Skip to main content

Preterm Birth clinical trials at University of California Health

3 in progress, 0 open to eligible people

Showing trials for
  • A RCT of CenteringPregnancy on Birth Outcomes

    Sorry, in progress, not accepting new patients

    The purpose of this study is to evaluate whether CenteringPregnancy group prenatal care can improve preterm birth rate and other birth outcomes, maternal psychosocial and behavioral outcomes, and decrease the racial difference in selected birth outcomes among African American and White women, compared to individual prenatal care.

    at UCLA

  • Antenatal Chlamydia Trachomatis and Neisseria Gonorrhoeae Testing to Prevent Adverse Neonatal Consequences

    Sorry, in progress, not accepting new patients

    To assess the effectiveness of Chlamydia trachomatis (CT) and Neisseria gonorrhoeae (NG) testing and treatment during pregnancy to reduce adverse pregnancy and birth outcomes compared to the standard of care (treatment based on symptoms and signs).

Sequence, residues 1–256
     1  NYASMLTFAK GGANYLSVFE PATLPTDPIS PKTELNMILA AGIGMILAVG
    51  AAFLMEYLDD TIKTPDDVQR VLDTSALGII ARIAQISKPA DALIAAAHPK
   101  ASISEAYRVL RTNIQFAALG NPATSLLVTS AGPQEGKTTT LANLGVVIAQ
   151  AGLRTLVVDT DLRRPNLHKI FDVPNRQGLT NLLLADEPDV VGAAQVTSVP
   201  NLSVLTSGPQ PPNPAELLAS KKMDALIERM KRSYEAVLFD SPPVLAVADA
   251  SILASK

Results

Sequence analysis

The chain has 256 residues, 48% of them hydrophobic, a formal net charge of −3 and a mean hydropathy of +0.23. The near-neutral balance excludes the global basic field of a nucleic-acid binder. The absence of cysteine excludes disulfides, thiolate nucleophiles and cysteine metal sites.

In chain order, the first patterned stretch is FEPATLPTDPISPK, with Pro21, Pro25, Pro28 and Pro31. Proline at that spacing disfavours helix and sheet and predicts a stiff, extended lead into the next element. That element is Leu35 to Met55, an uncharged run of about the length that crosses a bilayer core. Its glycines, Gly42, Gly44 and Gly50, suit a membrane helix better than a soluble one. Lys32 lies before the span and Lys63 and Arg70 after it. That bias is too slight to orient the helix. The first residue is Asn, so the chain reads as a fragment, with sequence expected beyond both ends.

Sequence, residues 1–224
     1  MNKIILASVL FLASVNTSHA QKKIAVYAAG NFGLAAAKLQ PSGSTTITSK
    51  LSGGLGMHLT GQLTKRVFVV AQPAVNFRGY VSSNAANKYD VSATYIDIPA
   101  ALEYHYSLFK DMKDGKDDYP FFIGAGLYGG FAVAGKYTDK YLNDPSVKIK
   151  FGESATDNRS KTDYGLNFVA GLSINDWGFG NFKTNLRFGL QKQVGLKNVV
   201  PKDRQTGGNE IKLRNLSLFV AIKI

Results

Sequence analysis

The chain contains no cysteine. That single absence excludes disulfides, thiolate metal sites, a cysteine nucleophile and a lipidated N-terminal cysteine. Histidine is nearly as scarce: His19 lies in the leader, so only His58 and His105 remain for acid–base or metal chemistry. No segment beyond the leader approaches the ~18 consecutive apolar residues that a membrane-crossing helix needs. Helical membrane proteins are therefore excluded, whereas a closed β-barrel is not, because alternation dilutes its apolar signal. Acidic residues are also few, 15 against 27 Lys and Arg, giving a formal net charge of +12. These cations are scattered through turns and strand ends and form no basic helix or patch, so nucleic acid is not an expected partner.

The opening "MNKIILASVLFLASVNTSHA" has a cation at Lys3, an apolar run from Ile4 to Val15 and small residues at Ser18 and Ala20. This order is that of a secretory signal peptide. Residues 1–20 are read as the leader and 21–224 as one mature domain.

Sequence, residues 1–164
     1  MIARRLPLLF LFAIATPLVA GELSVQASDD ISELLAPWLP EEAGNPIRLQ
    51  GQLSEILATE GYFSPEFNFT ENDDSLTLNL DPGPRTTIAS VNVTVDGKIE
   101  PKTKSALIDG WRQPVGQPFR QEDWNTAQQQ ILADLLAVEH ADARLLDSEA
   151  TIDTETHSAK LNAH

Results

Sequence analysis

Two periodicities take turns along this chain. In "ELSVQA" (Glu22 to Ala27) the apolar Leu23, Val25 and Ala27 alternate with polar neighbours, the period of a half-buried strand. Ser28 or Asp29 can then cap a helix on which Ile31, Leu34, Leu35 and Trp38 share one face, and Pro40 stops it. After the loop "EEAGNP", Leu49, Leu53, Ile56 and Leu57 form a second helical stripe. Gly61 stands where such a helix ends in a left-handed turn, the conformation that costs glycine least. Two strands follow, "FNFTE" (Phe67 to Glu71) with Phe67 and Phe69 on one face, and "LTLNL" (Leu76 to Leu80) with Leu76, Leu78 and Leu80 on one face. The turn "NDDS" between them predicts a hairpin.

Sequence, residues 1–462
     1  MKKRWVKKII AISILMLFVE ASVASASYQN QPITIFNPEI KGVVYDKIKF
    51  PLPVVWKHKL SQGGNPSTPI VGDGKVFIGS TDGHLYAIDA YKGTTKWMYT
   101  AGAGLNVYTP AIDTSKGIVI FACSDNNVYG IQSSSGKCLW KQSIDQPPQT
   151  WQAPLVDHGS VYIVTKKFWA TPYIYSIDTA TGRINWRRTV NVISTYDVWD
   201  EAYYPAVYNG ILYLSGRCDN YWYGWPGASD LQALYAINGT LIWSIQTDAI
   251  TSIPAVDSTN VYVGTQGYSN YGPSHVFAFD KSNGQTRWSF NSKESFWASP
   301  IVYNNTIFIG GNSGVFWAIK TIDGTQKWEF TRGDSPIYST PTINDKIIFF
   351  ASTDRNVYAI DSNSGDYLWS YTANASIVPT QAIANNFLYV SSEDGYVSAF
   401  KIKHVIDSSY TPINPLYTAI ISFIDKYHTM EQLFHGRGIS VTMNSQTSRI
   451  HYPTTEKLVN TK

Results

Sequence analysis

at UCSD

  • Milk Volume Outcomes Following Oral Nicotinamide Riboside Supplementation in Mothers of Extremely Preterm Infants

    Sorry, not yet accepting patients

    Breastfeeding has well-established immunity and developmental benefits for newborns, yet mothers of preterm infants often struggle to provide sufficient breast milk. The investigators hypothesize that supplementing mothers of preterm infants with nicotinamide riboside (NR) during early postpartum will result in increased milk production. NR is a unique precursor to NAD+, which functions in whole-body metabolism, including that which supports the elevated energy demands of lactation. In lactating rats, NR supplementation improved milk quantity and quality, with metabolic benefits for the mother and lasting protective advantages for the offspring. No studies have been conducted to date that explore the short- or long-term use of NR for increasing milk supply in lactating women. This study will follow a small cohort of women and very preterm infants in the NICU throughout two intervention phases-- one in which each mother will randomly receive either NR or a placebo, then the opposite treatment-- to determine the effect of maternal NR supplementation on expressed milk volume and other markers of metabolism.

    at UC Davis

Last updated: